Sheriff's Department Bans Workplace Romance
Marriage will get you fired, too.
Surveys show that over half of all working people have engaged in some sort of relationship with a co-worker. And according to a recent CareerBuilder survey, 31 percent of workers said their office romance has led to marriage. As taboo as dating a fellow employee can be, the fact is, many couples meet in the workplace.
Unless they work at the Putnam County Sheriff's Department in Tennessee.
Sheriff David Andrews has implemented a strict no-dating and no-marrying policy for the purpose of maintaining a "friendly but professional atmosphere" within the department.
The policy reads:
"Employees of the Putnam County Sheriff's Department are not allowed to date or marry one another. In the event employees wish to date one another, one of the parties must abandon his/her employment with the Putnam County Sheriff's Department."
Don't get any ideas, either. Casual flings aren't allowed.
"Romantic or sexual relations between employees at the Putnam County Sheriff's Department are inappropriate and will result in disciplinary action up to dismissal of either or both persons involved."
Sheriff's Chief Deputy Jacky Farley said the policy is meant to prevent workplace conflicts.
"These situations sometimes cause scheduling difficulties or result in conflicts that could get in the way of work," Farley told the Herald Citizen.
But there's a bit of a problem. Some of the employees at the Putnam Sherriff's Department are already involved in blossoming office romances. They will be affected by the new policy. Some of them have said they plan to challenge it in court.
Ashley Brightwell, a lawyer in Atlanta, explains that many workplaces realize that preventing office dating is futile, so they utilize love contracts. Brightwell told the Wall Street Journal:
"It used to be that many companies had strict prohibitions on office romances. Then they recognized that wasn’t going to work, and that no matter what the policies were, employees were going to get involved. That’s when the idea of a love contract came along. It’s a tool that employers use to protect themselves when an office romance goes sour."
So what happens when office romances go sour? According to both Brightwell and this article from the HR Specialist, scorned lovers often "allege that their former lover was a sexual harasser."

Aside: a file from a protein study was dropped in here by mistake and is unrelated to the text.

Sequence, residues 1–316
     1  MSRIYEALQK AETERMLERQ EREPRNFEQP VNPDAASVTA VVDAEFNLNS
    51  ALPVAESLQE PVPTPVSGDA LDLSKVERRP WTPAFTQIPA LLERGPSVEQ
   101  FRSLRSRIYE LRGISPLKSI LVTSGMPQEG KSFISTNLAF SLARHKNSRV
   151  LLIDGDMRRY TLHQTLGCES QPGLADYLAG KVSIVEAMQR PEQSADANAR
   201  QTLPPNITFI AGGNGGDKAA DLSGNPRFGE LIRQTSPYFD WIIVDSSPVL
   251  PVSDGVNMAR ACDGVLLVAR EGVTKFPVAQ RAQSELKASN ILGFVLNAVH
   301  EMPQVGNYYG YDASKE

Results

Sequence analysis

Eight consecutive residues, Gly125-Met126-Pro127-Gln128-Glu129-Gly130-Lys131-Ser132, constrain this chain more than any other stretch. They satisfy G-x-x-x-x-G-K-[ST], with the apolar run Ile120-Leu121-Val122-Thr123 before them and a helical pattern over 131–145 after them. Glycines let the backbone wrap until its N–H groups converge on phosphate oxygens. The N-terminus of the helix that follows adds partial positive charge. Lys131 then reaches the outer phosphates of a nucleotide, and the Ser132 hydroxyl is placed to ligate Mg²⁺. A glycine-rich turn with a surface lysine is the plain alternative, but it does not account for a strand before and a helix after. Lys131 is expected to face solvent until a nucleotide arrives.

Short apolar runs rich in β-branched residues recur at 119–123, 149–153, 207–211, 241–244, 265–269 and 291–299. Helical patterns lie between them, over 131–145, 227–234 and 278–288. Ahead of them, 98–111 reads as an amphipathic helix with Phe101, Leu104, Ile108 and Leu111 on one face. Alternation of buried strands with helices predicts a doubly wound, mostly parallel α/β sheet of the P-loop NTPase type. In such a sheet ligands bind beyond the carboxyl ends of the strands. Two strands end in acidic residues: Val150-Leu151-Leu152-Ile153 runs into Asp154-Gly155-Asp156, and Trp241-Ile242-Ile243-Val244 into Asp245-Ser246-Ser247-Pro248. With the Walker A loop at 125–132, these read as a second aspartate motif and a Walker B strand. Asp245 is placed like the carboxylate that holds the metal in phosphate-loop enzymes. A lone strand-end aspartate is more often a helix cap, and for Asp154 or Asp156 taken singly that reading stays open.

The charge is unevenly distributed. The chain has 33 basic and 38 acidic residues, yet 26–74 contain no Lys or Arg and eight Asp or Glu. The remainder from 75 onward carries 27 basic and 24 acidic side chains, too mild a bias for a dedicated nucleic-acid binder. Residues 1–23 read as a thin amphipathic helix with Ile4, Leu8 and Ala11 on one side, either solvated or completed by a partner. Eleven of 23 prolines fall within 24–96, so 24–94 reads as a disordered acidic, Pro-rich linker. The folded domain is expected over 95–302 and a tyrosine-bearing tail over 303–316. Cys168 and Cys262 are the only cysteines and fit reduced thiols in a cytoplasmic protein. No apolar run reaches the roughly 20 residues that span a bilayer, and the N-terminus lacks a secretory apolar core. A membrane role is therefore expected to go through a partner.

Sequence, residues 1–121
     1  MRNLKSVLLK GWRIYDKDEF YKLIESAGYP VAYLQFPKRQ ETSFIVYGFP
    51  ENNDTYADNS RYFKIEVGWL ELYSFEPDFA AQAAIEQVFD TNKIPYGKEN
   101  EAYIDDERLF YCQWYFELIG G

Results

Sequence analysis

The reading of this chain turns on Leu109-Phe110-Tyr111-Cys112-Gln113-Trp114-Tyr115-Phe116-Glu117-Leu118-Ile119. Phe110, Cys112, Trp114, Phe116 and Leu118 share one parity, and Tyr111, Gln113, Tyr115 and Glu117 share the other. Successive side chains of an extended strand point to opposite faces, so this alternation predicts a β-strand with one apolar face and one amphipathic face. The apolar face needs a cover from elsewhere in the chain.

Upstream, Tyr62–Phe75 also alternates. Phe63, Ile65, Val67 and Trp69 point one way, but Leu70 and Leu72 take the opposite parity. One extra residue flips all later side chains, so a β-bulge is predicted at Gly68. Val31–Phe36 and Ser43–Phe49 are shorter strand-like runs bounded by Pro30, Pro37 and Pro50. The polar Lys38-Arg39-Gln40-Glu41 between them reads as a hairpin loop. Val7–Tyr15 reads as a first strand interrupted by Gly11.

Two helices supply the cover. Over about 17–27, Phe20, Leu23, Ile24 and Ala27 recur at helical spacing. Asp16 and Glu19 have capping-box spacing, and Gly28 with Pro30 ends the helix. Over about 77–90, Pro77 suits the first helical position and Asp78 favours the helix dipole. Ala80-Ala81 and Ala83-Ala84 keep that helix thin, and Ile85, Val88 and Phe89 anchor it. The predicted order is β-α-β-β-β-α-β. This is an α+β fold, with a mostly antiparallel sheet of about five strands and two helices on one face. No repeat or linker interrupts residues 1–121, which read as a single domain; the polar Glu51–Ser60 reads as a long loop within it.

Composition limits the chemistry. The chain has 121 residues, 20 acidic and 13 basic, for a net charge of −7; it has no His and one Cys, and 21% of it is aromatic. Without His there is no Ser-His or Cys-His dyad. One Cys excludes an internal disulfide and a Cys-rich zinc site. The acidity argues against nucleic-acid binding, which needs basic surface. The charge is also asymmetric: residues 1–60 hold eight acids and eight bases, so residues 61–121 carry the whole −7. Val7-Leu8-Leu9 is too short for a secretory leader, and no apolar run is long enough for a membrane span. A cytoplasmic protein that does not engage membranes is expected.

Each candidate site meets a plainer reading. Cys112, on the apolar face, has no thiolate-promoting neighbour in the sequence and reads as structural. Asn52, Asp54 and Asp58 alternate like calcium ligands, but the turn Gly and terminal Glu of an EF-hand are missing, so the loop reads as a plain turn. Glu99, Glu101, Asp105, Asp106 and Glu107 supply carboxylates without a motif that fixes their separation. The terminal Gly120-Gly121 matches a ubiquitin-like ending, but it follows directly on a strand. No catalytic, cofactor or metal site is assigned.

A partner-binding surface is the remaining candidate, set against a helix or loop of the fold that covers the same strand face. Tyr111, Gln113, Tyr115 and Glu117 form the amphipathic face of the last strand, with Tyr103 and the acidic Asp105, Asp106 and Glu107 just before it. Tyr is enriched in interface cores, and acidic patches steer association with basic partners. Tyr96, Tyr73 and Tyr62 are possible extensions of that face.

So it's understandable that employers would want to get rid of the lovey-dovey business altogether, and legally, they can. But HR Specialist argues:
"…it probably isn't the wisest move. A 'no romance' policy could be nearly impossible to enforce and affect employees who are already involved in relationships with co-workers."
So the new policy might end up causing more problems in the Putnam Sherriff's Department than it's trying to prevent. Still, Farley says:
"We believe the new policy is legally acceptable and that it will help the department maintain a professional atmosphere."
What do you think? Should office romance be forbidden? Did you meet your partner at work?
Image: Map of Cookeville, Tenn. (© 2011 Microsoft Corporation/2010 NAVTEQ)
More on love & sex from MSN Living:
love: friendships, dating, sex & marriage
Revealr is a new iPhone app that allows those looking for love to hear their possible matches before they see them.
A new poll reveals 59 percent of the country supports same-sex marriage.
Celebrity engagements are so much fun to follow because every detail is bound to be over-the-top — from the proposal (like when Kanye rented out an entire stadium to propose to Kim) to the huge, sparkly engagement ring and, of course, the wedding. Plus, as trendsetters, celebs can be a source of inspiration even if you can't afford a million dollar ring. Here are our celebrity wedding predictions for 2014.
If you’ve ever been to a club—like, ever, even once—you are not going to be shocked to hear that women get a lot of unwanted, aggressive attention. But when you read the findings of this study on how often and why it happens, it might make you feel downright sick to your stomach.
Hopeless romantics and cringe-worthy chick flicks would tell you that it doesn’t matter what you do on the date, as long as you’re together. But they’re wrong. Dead wrong. Women use your date ideas to size you up, says matchmaker Rachel DeAlto, author of "Flirt Fearlessly." “You absolutely will be judged based on the date you plan. There are so many subconscious impressions that we take in while dating.” Gulp. Here are 10 terrible ideas that can land you on the no-lay list—and simple swaps to keep her happy. By K. Aleisha Fetters
No matter your current relationship status or past relationship fails, get a fresh start this month, with these tips for spring cleaning your love life.
Forget the rules you've always heard—it's time to start making your own.
Are you in an affair without knowing it? Unless you’re a swinger, having sex with someone else counts as cheating. But then there’s the fuzzy area between friendship and infidelity—and chances are, your girlfriend sees those shades of gray as more black and white than you do. “Men aren’t as attuned to identifying ambiguous behaviors as cheating as women are,” says Daniel Kruger, Ph.D., a University of Michigan psychologist, who’s studied gender differences in definitions of infidelity. In other words, what you consider totally innocent could be her deal breaker.
We spoke with relationship therapist Rachel A. Sussman, author of "The Breakup Bible," for her tips on how regular girls can survive a split like an A-lister.
A researcher from Texas Tech University has found that people who use the same kind of "function words" are more likely to get together.
Check out these five celebrity stunners.
And by weird, we really mean friggin' awesome.